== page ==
Relocating isn’t a problem either, as it is fitted with an aluminium handle with which you can transfer it to another table or a different room. Simply retract it when done.
In short, in terms of safety, size and value, the UP Mini 2 is a brilliant 3D printer! We strongly recommend it if you need something portable.
- HEPA air filtration technology
- Portable, small and nifty design
- WIFI connectivity
- Affordable price
- Can’t build with third-party filaments
- Less durable components
Although the reactions on Amazon have been mixed, there have been lots of people who noted its quick setup from the first unboxing, topnotch quality (which can compete with top models) and great software.
One customer, Roberta A. wrote this reliable review:
“I ordered the UP mini 2 as a gift for my son. One of my concerns in using a 3D printer is with the fumes from melted plastic. My son’s school insists their 3D printers are both enclosed and have a HEPA filter for fumes. This printer is the only one I could find that meets these requirements at a price (well) below $1,000. In addition this printer’s advanced features were way beyond my expectations with many unavailable on other machines.”
4) UP300 3D Printer
Largest Build Volume 3D Printer
Print Speed: 200 mm/s | Print Resolution: 50 – 400 mm | Device Size: 850 x 625 x 520 mm
Making an elaborate World War II battleship or coloured F1 racer? Why not build them in the UP300 3D Printer considering its large build volume and super-fine resolution?
But that’s just the tip of the iceberg since there’s more to this industrial-scale piece of machinery. For instance, it features changeable extruders to work on a variety of filaments you have loaded in.
In particular, there’s an extruder adapted to the high heat for ABS, as well as for lower heat for flexible PU and PLA. This ensures that you get more accurate and satisfying prints.
Then, it has cutting-edge HEPA and carbon filters to minimise the harmful fumes and chemicals present when scorching to mold the plastic in 3D printers.
The robust UP300 also features a dual-sided hotplate for easy removal of the model. And it has a receptacle to collect printing waste under the unit, to keep your space clean and tidy.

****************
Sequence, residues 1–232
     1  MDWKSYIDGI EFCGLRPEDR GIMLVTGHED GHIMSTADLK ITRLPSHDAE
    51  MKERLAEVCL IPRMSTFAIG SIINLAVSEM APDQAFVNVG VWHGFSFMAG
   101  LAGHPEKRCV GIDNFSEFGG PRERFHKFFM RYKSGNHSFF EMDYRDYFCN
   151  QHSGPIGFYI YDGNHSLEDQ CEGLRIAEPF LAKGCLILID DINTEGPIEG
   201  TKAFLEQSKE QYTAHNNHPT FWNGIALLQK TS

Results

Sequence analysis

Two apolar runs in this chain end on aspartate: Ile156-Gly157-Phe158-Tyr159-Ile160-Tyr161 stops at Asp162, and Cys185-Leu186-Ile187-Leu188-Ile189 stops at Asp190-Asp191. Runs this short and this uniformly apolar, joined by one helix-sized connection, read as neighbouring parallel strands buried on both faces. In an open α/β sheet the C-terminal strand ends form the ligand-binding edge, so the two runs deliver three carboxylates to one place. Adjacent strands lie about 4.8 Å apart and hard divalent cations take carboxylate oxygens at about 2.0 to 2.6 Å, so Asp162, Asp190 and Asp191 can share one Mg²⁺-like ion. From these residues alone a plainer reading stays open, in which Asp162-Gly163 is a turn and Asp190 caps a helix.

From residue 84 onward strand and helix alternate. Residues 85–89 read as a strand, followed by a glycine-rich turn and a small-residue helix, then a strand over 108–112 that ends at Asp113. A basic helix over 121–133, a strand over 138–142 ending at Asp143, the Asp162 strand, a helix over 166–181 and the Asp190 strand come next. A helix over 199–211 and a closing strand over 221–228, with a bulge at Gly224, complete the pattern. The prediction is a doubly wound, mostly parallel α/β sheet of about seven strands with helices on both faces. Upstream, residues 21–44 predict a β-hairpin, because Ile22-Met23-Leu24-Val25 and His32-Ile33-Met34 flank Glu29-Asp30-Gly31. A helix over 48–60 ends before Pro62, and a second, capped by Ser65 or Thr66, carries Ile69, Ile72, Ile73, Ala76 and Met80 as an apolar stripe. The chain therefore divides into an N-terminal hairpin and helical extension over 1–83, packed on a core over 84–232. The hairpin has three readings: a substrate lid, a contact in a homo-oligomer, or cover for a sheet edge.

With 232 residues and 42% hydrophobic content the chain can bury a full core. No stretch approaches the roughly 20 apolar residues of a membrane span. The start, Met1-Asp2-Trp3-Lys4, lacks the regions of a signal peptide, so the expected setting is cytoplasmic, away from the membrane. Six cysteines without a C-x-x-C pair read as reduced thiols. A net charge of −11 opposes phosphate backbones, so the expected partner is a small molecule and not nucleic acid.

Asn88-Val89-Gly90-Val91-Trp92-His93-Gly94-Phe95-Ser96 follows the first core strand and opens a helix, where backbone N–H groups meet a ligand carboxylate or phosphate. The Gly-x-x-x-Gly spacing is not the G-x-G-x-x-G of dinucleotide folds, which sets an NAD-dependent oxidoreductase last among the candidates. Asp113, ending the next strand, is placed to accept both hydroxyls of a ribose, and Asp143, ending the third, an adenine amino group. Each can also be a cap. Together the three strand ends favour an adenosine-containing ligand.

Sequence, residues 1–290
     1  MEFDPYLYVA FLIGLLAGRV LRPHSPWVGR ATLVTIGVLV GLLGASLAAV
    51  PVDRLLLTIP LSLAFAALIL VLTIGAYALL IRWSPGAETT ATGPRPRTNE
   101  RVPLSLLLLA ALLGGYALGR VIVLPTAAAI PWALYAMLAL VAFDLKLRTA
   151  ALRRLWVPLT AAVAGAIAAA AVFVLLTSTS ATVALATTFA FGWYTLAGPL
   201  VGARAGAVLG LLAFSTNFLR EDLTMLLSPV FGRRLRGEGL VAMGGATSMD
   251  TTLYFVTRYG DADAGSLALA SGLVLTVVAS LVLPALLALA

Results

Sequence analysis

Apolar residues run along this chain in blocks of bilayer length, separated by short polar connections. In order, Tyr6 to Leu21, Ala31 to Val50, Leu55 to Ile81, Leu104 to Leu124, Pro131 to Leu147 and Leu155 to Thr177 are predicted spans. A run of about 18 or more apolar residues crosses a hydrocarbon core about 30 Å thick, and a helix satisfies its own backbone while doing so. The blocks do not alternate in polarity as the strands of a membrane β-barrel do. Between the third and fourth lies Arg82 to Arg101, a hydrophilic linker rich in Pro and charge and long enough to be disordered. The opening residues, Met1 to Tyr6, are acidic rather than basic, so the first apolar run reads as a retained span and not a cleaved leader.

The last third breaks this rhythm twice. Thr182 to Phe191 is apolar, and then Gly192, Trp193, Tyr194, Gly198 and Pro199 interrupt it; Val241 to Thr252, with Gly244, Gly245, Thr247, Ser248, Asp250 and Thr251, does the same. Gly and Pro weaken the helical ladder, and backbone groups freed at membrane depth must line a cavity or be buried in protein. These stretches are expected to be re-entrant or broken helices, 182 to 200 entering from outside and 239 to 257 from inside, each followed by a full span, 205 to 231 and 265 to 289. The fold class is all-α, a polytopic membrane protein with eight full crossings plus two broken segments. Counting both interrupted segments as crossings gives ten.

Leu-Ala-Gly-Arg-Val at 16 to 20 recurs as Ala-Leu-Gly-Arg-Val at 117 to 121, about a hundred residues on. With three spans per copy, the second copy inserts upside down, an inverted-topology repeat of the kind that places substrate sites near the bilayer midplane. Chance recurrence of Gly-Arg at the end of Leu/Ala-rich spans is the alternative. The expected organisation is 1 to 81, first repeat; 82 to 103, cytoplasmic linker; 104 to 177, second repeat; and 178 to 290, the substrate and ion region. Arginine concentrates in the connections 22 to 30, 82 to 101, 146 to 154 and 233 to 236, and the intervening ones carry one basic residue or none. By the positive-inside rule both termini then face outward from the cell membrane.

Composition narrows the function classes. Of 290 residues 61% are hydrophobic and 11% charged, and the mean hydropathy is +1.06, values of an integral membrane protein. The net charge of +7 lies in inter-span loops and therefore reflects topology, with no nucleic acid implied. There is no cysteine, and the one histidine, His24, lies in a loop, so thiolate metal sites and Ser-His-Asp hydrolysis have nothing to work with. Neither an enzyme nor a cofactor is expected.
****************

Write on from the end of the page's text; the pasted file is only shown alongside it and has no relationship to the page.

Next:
- Enormous build volume
- Produces a sharp and accurate rendition
- Can create from different kinds of filaments
- Interchangeable hotplate
- Features HEPA and carbon filters
- Includes a waste collection tray
5) MoonRay Desktop 3D Printer
Best STL 3D Printer
Print Speed: 25 mm/hr | Print Resolution: 75 – 100 mm | Software: RayWare
If you are serious about 3D printing — perhaps you need to use it for commercial or dental purposes — then the MoonRay 3D Printer is for you!
Unlike the previous printers in this list, MoonRay beams UV light onto a sticky, vibrant liquid within the printer until it solidifies to create the model.
And instead of using filaments, the MoonRay 3D printer makes use of various types of resin in different colours suited for your preference and needs.
The unit prints really fast at 25.4 microns, and it’s capable of printing more than one model at the same time. This saves time and effort and increases your productivity manifold.
With the RayWare, it’s relatively easy to create your own dream prints. When your figure is ready, you just need to remove support structures to unveil your masterpiece.
- Creates exquisite resin models
- Large build volume
- High-speed and multitasking performance
- Builds well-placed support structures for your model
- Resin tank is 25 times more durable than other printers
- Cutting-edge RayWare software
And there you have it — the best 3D Printers in New Zealand. As you have seen, there are endless possibilities for you when you have one of these superb printers.
Do you agree about the products we listed here? We’d be glad to know, just send us a message, and we’ll get back to you in a bit.
Aside from that, you might like to get a new monitor to help you better work on or preview your designs for your 3D printer. In this case, you can see some of our suggestions in the best computer monitors in New Zealand.